This substance is UV ray-absorbing – hence, why it is often included as an ingredient in sunscreen. The problem is it accumulates in the body. It is also known as an endocrine disruptor. Homosalate impacts the body’s hormone systems, and in particular, the estrogen system. It has the ability to cause a hormone imbalance. Ref
This substance is particularly effective at absorbing UVA rays, which penetrate deeper than UVB rays. UVA can be more harmful than UVB rays. This ingredient can cause excess free radical damage that can interfere with cellular signaling, cause mutations, lead to cell death or cell senescence. It is also considered an environmental toxin and harmful to coral. Ref
There’s a chance that they’re harmful. Studies have shown that some parabens can mimic the activity of the hormone estrogen in the body’s cells, and while estrogenic activity is associated with certain forms of breast cancer, parabens have been found present in breast tumors.
Methylisothiozolinone (inactive ingredient)
This substance was noted as “Allergen of the Year-2013” by the American Contact Dermatitis Society. Methylisothiazolinone is a widely-used preservative; has been associated with allergic reactions. Lab studies on the brain cells of mammals also suggest that methylisothiazolinone may be neurotoxic. Ref
In sunscreens with SPF, it is a substance readily absorbed and thus helps others to be absorbed too.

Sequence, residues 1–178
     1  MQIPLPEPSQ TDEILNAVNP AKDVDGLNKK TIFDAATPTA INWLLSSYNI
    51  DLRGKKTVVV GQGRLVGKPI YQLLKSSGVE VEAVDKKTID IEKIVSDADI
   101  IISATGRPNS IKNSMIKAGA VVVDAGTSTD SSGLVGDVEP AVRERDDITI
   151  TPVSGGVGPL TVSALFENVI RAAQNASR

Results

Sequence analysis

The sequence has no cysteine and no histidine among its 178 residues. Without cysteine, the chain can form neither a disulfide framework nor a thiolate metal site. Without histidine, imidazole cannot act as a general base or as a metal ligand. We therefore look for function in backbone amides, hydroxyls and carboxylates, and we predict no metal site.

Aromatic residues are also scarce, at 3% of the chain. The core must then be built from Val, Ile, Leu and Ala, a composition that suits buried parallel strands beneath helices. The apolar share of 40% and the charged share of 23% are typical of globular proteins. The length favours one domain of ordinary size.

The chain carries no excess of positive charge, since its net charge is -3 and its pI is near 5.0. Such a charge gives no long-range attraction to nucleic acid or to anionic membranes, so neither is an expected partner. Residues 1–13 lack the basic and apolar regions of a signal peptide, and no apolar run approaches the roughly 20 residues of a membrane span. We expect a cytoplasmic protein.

This common sunscreen ingredient is shown to have hormone-mimicking effects on laboratory animals. Meaning it can disrupt hormone balance. It can mimic estrogen and can cause more free radical damage due to the release of free radicals in UV light.
Photo Aging Protection – How to protect yourself
- Wear a wide-brimmed hat.
- Use sun protective clothing.
- Protect yourself under shelter from the sun. If you are on the beach use a UV protection tent.
- Look for broad spectrum sunscreen. This means it protects from UVA and UVB. Look for a sunscreen that uses zinc oxide and titanium dioxide in nanoparticles. Do not apply to broken areas. The reason is you want it to stay on the surface of the skin and not get into your bloodstream or be ingested. These ingredients are toxic once it gets inside the body. Make sure you apply frequently as is wears off quickly. No sunscreen is waterproof.
Photo Aging Protection in you day cream
Photo Aging protection is critical to prevent the early onset of wrinkles and lines. Therefore, UV protection in a face cream is recommended. Sisel’s Actify6000 contains ingredients that protect against UV exposure. It is around 15 spf+ so reapplying is recommended.
The great thing about reapplying Sisel’s Actify6000 is that it locks in moisture. Skin that is well moisturized maintains a more youthful appearance. Sisel’s Actify6000 contains no harmful ingredients and has the Sisel Safe stamp. The Mower Mission which started in 1989 was to produce products with no harmful ingredients. To this day the Sisel Mission continues with the Sisel Safe products.
Last Updated on March 27, 2023 by Katie Sisel Distributor